Similarly, Manziel was mediocre… although a little better than last week.  Granted, he didn’t have to face the Rams formidable 1st string defense, but the improvement was still visible.  For example, he completed the forward pass to the fullback that he chose not to attempt in favor of running it himself in the first preseason game.  This shows growth.

In my opinion, Manziel needs to focus on three areas in addition to improving his understanding of the playbook: (1) anticipating receivers—He seems to have a hard time with this.  On Saturday he was best passing from the pocket on single reads where the receivers stopped dead in their tracks in the middle of the field.  That is not going to work with 1st string defenses… receivers will get hurt and interceptions will be made; (2) game management—Maybe it’s because he’s trying really hard to remember play calls right now, but he doesn’t seem tuned into what is happening around him.  It’s not his job to adjust for defensive changes at the line yet, but he should at least try to watch the play clock to avoid delay of game penalties; and (3) his safety—He took another head first dive on Saturday.  While I think he is doing a better job of running to pass, instead of running to run, he still needs to be careful when he gets down, or he’ll end up like RGIII.

In terms of receivers and running backs, the number two guys—Andrew Hawkins and Terrance West—definitely made the best showing on Saturday.  Everyone else?  Meh.  Apparently Dion Lewis is the coaches’ pick for third running back, but after watching camp film and the last three preseason games, I don’t understand that decision for the life of me.  He shows considerable hesitation at the line of scrimmage and often doesn’t get anywhere at all.  Maybe someone else can fill me in on what I’m missing?  And while you’re at it, if you could ask our receiving corps why they’re still having trouble holding onto the football, that would be great too.  (I’m looking at you, MarQueis Gray.)

3. Mitchell Schwartz

How bad is Mitchell Schwartz?  I’ll tell you.  He is SOOOOOOO bad.  So bad that he gets his own segment in this post.  I don’t know how many more ways I can write it.  He just cannot, CANNOT hold the edge on the right side.  While Hoyer was totally to blame for the interception he threw on Saturday, he was not at all responsible for the fumble he committed.  Schwartz basically laid down a red carpet for the Rams defender that blew right past him and destroyed Hoyer from his blind side—he never saw it coming.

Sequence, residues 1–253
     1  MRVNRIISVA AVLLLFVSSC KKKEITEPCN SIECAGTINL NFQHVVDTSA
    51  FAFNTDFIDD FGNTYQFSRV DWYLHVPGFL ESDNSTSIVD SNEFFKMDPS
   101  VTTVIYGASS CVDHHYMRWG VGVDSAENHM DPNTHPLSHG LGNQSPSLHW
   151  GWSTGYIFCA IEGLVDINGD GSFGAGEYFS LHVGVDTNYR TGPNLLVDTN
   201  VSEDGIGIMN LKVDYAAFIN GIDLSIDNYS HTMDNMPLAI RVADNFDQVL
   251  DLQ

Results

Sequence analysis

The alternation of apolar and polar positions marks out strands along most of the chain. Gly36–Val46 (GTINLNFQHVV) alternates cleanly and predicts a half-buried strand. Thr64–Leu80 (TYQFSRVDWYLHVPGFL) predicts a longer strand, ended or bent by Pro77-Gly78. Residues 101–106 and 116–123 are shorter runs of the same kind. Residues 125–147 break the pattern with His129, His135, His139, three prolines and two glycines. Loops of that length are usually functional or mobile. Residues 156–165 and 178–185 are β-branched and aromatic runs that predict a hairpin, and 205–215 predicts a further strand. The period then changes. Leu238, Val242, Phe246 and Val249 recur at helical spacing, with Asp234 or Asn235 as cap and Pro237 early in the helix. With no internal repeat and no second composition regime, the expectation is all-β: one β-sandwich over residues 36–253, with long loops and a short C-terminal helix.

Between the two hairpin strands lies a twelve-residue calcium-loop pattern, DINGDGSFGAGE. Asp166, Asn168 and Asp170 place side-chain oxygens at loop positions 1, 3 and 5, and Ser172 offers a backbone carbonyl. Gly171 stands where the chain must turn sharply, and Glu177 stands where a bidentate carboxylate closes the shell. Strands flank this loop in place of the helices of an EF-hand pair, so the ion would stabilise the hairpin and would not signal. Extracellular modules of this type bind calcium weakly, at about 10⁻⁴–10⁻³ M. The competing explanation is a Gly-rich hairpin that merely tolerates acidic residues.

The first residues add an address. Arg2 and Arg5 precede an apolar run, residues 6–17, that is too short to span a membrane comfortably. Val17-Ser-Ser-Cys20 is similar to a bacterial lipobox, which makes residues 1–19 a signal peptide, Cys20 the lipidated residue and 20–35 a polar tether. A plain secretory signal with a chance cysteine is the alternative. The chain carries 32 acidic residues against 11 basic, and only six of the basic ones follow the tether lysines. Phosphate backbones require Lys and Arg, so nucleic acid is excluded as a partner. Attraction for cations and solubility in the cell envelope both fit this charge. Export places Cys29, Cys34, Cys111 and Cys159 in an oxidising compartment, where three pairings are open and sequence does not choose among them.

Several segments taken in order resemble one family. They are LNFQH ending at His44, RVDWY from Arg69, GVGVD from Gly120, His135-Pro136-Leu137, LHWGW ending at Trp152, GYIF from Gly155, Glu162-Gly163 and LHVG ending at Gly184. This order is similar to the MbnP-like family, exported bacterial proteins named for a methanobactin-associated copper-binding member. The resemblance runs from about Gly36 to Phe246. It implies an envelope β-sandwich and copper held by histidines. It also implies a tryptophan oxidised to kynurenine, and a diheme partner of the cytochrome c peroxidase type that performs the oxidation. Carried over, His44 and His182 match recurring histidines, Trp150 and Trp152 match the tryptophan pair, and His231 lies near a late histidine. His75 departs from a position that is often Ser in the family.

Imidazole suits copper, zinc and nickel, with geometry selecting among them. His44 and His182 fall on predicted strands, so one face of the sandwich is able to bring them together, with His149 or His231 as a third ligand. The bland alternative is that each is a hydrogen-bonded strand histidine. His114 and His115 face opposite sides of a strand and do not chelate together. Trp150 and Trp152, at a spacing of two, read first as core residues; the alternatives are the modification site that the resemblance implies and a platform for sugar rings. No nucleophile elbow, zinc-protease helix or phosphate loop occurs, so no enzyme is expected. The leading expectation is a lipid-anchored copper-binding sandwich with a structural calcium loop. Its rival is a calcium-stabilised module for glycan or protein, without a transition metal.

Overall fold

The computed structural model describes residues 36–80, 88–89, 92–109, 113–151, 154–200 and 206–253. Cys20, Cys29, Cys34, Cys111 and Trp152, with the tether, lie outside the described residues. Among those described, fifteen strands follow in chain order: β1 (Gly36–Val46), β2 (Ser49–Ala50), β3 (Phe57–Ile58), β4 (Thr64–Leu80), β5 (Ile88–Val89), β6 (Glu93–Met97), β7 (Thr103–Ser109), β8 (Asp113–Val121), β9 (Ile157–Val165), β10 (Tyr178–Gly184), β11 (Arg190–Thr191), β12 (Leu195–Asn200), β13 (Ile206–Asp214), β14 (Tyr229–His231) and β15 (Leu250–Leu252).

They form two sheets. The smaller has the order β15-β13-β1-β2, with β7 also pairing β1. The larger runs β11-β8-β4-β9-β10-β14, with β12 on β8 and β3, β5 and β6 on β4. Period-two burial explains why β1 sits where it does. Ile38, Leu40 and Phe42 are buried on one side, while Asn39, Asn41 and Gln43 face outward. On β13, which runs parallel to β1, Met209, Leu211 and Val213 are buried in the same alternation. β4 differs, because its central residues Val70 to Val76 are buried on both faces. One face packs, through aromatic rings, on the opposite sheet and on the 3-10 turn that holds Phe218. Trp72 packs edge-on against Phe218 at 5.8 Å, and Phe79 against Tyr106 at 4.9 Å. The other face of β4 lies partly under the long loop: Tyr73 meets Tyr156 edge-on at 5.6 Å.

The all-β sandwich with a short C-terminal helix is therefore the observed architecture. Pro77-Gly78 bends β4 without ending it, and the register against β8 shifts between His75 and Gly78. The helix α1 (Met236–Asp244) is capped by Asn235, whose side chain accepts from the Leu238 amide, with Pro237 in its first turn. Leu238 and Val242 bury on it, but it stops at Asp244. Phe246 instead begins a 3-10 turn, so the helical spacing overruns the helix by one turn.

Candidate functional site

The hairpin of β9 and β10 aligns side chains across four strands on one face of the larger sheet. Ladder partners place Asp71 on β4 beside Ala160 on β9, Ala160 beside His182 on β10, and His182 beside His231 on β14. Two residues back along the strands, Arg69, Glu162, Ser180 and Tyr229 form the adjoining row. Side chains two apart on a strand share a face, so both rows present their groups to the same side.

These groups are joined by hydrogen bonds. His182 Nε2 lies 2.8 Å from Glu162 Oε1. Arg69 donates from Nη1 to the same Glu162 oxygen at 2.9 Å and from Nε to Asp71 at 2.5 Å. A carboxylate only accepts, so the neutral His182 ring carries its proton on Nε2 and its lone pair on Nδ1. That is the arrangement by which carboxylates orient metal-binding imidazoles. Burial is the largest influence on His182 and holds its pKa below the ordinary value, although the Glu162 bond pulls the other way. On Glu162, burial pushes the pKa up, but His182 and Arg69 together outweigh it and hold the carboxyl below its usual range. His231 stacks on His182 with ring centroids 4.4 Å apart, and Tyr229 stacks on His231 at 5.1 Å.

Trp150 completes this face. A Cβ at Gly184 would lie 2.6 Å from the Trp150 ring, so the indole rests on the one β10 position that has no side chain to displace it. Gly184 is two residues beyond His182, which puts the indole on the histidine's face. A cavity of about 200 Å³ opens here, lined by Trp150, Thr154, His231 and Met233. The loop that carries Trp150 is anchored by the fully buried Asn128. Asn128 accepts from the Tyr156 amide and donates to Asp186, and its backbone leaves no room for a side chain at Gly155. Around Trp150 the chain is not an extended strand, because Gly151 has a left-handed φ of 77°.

In each of the past two seasons Schwartz has started out awful.  Then, at some point in the season, he appears to improve.  And so we all jump back on the Mitchell Schwartz bandwagon.  And then the new season starts, and somehow we’re back to square one.  I feel like I’m on a merry-go-round in Browns fandom hell—the view never changes, and I’m starting to feel nauseous.  So, there will be no bandwagon jumping for me this year.  I’m over Schwartz.  Bring on the former Buckeye Reid Fragel, and if he doesn’t cut it, maybe Michael Bowie (who the Browns craftily snuck away from the Seahawks during camp) will have recovered from his shoulder injury.  No matter what, it can’t be worse than Schwartz.

Which brings us to the only really good thing about Saturday’s game:

The return game.  It looked great.  Take your pick: Travis “the Rabbit” Benjamin, Taylor Gabriel, Marlon Moore—They are all super fast and seem to have an great instincts for finding the gap and making the cut.  And it helps when the special teams blocking is phenomenal without drawing too many penalties.

So what is the takeaway?  We all pray we get 80 yards on each kickoff and punt return so the quarterback never has to take possession outside of the redzone.  Maybe then, the Browns will win some games this year.